admitted to feeling surprised about the positive reception of )tarbucks# brand. =e
commented! QWe did not kno if e get people to fall in love faster than e thought,
or if e have been received better e thoughtR. -elpais.com .//01
When )tarbucks as established in )pain, the coffee company already had a strong
brand. &s a conse'uence, )tarbucks could play a fundamental role in the negotiation
beteen its partners. ,or instance, )tarbucks did not use any co-branding strategy
ith the L%8) Iroup. %ts brand concept and clear position as Qpurveyor of experiencesR
ere enough to consolidate its brand locally in a short time -Ialli @ Carbone .//01.
%n spite of having a good reception in )pain, )tarbucks# coffee culture as different
from )panish coffee culture. ;uis 8eBa in our intervie mentioned! Q)pain consumes a
lot of coffee, but it does not have coffee cultureR. =e regarded that )panish people do
not have a lot of knoledge about coffee. )panish people did not kno to distinguish
beteen different varieties of coffee. Therefore, )tarbucks established programs in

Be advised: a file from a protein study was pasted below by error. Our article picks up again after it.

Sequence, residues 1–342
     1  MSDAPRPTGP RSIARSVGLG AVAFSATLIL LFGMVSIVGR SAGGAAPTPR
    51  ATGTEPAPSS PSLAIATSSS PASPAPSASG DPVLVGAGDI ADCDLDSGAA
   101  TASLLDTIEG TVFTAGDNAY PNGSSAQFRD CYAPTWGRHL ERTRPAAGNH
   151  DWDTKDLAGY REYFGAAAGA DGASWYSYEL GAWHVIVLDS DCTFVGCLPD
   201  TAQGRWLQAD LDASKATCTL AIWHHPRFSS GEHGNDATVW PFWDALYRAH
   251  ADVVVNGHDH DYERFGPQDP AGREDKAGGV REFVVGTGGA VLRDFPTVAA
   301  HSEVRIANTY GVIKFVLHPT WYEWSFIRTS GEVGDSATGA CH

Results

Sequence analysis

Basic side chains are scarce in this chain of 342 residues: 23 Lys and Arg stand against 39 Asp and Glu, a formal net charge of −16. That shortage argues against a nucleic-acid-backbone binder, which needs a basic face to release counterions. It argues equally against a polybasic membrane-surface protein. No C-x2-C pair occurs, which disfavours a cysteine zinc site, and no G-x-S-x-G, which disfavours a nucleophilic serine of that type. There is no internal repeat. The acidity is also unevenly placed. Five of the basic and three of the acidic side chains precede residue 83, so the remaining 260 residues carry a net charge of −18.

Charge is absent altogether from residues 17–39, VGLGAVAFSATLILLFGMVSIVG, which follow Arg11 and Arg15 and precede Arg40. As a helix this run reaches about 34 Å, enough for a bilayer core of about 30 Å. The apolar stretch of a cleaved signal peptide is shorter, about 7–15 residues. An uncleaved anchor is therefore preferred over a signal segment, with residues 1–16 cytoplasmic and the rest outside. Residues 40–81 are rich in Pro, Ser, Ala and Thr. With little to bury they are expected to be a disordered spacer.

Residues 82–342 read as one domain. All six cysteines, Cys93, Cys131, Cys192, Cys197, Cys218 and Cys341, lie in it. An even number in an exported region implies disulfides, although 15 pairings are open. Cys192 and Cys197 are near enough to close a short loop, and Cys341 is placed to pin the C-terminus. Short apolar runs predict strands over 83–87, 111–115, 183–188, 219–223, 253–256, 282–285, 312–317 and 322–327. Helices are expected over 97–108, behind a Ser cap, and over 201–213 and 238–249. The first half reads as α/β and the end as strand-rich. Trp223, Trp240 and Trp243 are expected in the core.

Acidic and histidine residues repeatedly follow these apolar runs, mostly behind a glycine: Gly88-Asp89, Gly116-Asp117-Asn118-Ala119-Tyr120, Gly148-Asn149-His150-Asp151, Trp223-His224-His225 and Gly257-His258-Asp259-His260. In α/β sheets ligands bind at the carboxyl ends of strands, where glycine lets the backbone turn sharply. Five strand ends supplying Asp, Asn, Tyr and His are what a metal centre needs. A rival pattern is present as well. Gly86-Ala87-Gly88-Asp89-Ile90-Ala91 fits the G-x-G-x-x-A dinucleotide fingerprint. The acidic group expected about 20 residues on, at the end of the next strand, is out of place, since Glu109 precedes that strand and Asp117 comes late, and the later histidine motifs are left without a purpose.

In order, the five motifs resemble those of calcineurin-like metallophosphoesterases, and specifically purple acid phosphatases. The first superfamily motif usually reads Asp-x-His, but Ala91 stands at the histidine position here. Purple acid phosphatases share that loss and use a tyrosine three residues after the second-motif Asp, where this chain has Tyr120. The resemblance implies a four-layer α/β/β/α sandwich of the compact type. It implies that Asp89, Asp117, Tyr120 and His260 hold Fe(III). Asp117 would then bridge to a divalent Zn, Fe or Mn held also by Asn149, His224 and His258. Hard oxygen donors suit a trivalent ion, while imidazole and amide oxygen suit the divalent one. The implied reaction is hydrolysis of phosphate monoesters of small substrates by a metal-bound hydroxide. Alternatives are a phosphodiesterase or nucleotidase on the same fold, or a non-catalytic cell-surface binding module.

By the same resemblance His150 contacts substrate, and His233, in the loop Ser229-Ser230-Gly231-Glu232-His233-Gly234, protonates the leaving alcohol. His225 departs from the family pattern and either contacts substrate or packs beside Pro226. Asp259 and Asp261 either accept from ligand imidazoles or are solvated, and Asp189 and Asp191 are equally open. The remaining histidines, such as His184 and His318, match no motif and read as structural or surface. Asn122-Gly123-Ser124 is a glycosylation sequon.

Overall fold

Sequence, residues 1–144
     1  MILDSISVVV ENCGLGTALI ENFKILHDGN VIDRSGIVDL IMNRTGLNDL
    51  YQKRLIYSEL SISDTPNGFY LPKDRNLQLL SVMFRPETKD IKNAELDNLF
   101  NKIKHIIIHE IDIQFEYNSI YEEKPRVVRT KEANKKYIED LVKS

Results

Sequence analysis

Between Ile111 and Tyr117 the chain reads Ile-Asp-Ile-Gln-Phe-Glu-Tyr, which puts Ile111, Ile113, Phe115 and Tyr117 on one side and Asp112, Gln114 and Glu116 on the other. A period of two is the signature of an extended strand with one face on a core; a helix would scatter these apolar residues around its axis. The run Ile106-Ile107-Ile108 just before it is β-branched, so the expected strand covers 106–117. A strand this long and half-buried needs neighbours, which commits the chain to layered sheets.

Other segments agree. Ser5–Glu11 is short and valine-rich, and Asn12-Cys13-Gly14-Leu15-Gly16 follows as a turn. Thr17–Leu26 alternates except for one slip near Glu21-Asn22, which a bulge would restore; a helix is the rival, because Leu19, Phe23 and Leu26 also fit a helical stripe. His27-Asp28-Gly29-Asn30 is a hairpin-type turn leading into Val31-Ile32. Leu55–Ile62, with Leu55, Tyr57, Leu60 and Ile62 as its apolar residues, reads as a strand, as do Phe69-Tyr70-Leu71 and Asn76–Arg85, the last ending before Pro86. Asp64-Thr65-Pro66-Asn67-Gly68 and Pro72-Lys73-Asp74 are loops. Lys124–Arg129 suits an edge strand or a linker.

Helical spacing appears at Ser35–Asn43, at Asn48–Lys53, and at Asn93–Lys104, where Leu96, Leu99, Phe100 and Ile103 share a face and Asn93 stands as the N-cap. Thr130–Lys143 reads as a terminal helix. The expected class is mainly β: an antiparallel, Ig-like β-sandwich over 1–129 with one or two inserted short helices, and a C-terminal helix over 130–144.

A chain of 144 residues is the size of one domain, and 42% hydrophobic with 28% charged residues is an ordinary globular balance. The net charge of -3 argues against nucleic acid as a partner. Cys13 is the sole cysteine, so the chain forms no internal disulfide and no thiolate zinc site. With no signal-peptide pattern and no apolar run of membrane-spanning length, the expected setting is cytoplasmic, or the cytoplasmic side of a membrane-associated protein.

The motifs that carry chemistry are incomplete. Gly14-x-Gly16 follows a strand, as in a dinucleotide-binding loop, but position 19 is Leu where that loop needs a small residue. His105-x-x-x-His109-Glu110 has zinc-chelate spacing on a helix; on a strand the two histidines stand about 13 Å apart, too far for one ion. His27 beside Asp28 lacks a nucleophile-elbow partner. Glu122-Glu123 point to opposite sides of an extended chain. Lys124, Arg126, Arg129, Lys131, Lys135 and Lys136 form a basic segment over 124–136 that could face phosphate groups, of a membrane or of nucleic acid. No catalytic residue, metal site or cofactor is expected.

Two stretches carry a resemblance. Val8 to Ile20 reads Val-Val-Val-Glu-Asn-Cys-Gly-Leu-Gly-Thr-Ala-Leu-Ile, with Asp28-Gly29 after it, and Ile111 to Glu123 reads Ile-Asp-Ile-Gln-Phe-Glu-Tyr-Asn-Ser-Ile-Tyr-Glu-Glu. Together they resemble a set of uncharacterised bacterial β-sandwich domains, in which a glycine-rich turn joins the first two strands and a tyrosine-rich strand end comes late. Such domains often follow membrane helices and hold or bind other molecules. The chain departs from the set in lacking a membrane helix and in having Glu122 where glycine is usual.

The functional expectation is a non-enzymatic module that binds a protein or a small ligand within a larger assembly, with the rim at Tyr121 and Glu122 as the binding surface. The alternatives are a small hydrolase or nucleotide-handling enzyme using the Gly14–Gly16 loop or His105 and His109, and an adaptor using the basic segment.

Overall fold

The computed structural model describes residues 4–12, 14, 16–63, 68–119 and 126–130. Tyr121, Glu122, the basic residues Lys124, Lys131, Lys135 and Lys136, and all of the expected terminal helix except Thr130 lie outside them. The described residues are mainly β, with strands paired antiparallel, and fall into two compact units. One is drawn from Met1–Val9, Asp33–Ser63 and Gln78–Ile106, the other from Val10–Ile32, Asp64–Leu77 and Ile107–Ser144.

)pain to help people to learn about coffee culture, hich included tasting of different
kinds of coffee.
CHAPTER ;:
CASE ANAL-SES
%n this part e ill analy$e the empirical data shoed in the previous section to get an
anser to our research 'uestions. %n order to analy$e the empirical data thoroughly,
the folloing analysis as based on the literature revie.
;.1. DATA ANAL-SES
;.1.1. Case 1: U!ite. 8i!6.%:
3. What factors affected )tarbucks# entry mode decisions+
%NT92N&; ,&CT(2)
Characteristic of the overseas country business environment
7efore )tarbucks entered into the C6, it analy$ed the foreign market. The top
management expected the C6 to be the springboard for entry into 9urope -8ettigre
34441. 6och -.//31 states that there are characteristics of overseas countries hich are
easy to obtain these days. While understanding the %talian coffee market and ,rench
coffee market, )tarbucks sa the more significant opportunity in the 7ritish coffee
market. The language as easy to understand and the management ould be easy to